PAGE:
Thursday, September 12, 2013

New Aids to Mapping and Chemical Characteristics May Help Shippers and Freight Forwarders

Hazard Identification and Bathymetric Survey Tools both Available On Line
Shipping News Feature

US – SWEDEN – BALTIC SEA – Amongst the electronic flotsam and jetsam that washes up in the Handy Shipping Guide mailboxes every day are many pieces irrelevant to our target audience interested in the multifarious aspects of the freight and shipping industry. Occasionally however something that may be on the periphery of the subject might prove of some interest to a few of our readers and this week these include a new web-based tool, developed by the US Environmental Protection Agency (EPA), which will expand access to scientific and regulatory information on chemicals, and a new database that charts information about the water depth of the Baltic Sea.

By combining data from the Toxic Substances Control Act, EPA’s web tool ChemView displays key health and safety data in an online format that allows comparison of chemicals by use and by health, or environmental, effects. Searching by chemical name or Chemical Abstracts Service (CAS) number, use, hazard effect, or regulatory action, ChemView will be able to create tailored views of the information on individual chemicals or compare multiple chemicals sorted by use, hazard effect or other criteria. Additionally, the tool will also link to information on manufacturing, processing, use, and release data reported under the Chemical Data Reporting Rule, and the Toxics Release Inventory. James Jones, Assistant Administrator for the Office of Chemical Safety and Pollution Prevention, said:

“This online tool will improve access to chemical health and safety information, increase public dialogue and awareness, and help viewers choose safer ingredients used in everyday products. The tool will make chemical information more readily available for chemical decision-makers and consumers.”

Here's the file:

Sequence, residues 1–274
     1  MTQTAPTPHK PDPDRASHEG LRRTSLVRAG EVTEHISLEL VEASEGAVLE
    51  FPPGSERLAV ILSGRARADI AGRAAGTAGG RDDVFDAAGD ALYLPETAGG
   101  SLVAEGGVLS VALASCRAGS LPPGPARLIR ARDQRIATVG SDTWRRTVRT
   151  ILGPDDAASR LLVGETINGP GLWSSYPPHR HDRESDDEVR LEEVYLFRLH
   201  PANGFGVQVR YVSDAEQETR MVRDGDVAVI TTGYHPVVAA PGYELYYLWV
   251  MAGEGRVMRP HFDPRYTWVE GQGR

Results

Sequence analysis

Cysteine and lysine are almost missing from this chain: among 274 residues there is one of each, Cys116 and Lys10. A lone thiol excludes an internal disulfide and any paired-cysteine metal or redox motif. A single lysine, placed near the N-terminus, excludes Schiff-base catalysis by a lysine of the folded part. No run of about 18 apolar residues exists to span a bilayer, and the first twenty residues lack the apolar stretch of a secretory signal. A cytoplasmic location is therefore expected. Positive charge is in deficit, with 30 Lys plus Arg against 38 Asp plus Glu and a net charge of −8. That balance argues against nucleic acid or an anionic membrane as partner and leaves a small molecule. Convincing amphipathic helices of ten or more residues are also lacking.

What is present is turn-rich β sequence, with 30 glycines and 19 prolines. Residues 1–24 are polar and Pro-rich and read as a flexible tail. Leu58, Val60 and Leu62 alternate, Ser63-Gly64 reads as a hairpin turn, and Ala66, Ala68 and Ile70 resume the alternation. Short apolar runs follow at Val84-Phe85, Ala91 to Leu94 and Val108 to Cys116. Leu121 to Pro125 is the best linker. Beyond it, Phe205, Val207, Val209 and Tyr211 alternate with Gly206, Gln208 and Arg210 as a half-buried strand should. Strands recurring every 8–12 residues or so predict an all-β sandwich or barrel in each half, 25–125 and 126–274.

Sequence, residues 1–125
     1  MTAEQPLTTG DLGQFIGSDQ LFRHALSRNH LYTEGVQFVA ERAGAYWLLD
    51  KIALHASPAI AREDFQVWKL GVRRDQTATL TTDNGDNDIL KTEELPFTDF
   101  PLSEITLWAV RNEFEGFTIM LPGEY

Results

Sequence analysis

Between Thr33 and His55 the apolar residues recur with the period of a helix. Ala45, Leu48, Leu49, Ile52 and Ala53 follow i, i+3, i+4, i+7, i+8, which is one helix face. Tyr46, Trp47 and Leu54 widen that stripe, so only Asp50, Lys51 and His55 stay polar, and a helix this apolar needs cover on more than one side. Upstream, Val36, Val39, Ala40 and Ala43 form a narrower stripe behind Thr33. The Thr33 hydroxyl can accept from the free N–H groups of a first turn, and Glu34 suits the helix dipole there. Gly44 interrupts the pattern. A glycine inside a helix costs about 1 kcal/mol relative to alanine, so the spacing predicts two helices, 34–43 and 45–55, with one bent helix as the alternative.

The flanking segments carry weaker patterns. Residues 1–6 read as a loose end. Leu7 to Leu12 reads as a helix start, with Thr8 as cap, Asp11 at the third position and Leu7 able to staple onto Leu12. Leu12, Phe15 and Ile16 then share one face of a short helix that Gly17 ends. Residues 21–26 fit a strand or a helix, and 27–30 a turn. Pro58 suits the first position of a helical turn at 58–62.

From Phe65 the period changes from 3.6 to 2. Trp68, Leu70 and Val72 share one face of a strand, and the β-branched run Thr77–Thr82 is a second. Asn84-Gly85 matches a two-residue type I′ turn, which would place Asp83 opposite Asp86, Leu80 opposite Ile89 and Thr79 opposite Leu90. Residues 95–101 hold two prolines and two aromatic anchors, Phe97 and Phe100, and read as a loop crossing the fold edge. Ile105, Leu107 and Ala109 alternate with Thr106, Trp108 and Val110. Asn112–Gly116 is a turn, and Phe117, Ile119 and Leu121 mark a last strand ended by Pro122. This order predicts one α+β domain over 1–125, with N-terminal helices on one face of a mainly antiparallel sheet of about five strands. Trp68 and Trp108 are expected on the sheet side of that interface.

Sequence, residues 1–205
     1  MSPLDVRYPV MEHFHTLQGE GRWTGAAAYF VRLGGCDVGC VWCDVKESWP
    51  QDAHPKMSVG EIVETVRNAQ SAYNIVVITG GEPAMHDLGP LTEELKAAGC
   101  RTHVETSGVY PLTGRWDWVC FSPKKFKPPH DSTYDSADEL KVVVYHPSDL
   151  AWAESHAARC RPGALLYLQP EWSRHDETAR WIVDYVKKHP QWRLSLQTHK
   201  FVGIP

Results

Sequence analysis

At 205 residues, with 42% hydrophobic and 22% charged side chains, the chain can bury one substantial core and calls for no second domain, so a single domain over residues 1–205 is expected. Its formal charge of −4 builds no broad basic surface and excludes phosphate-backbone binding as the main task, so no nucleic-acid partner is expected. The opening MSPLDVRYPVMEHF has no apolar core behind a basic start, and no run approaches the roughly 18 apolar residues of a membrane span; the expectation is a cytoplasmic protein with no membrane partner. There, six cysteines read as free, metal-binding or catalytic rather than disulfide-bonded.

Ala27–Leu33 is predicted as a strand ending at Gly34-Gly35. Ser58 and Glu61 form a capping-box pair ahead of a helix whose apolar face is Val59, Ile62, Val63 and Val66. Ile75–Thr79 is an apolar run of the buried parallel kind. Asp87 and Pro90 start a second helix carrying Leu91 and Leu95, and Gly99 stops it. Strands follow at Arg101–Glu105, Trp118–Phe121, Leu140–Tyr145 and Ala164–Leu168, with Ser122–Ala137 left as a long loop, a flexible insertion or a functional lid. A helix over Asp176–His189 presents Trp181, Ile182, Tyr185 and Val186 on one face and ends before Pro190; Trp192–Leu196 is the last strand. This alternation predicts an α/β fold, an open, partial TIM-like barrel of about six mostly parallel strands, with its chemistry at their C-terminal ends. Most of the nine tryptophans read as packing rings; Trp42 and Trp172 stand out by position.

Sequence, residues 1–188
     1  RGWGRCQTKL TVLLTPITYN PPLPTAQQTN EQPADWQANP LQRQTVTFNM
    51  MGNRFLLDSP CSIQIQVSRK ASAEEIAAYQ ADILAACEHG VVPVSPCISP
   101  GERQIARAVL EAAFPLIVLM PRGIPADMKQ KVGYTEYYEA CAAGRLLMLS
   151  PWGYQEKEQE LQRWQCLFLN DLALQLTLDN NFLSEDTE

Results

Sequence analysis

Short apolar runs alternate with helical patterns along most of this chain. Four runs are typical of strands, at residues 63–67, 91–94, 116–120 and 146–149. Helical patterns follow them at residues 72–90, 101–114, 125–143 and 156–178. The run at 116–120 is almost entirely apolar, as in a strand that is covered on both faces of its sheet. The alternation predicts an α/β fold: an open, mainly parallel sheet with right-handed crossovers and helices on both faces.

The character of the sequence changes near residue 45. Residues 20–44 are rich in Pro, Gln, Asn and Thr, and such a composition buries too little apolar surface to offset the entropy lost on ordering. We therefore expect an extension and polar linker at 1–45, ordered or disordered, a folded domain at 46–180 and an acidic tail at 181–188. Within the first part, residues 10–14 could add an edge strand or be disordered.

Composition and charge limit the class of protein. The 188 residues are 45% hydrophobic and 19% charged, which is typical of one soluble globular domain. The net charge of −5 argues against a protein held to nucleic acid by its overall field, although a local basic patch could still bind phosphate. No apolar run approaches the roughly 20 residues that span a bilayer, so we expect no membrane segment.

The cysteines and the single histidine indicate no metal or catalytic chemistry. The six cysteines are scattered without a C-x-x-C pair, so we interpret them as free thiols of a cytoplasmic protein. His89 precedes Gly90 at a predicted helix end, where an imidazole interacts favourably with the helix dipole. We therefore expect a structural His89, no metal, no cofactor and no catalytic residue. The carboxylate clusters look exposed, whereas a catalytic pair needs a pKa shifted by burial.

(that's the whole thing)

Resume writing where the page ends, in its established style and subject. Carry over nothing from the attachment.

In Europe, the Baltic Sea Bathymetry Database (BSBD) website has been developed, as part of the EU TEN-T project MONALISA (Motorways & Electronic Navigation by Intelligence at Sea) with the Swedish Maritime Administration as the lead partner, to meet the requirements of maritime and environmental planning as well as scientific research.

Bathymetric data of sufficiently high quality is a requirement for many administrative and research related tasks. The BSBD offers complete, homogeneous and up-to-date Baltic Sea bathymetry data from official sources, i.e. all Baltic Sea national hydrographic offices under the umbrella of the Baltic Sea Hydrographic Commission.

There are several fields of application where bathymetry data is needed like climate modelling, geological research, wind craft planning or habitat mapping to name but a few, and these can ultimately lead in turn to more accurate and effective aids to navigation. The compiled bathymetry model has a resolution of 500 metres, featuring more than ten times as many data points as the currently available models and more data is regularly being added to the model.

Measuring bathymetry is mostly a national duty for each country, primarily because the production of nautical charts lies within each state’s responsibility. Many applications span over country borders, hence requiring a level of detail in bathymetric data which cannot be supplied by conventional nautical charts.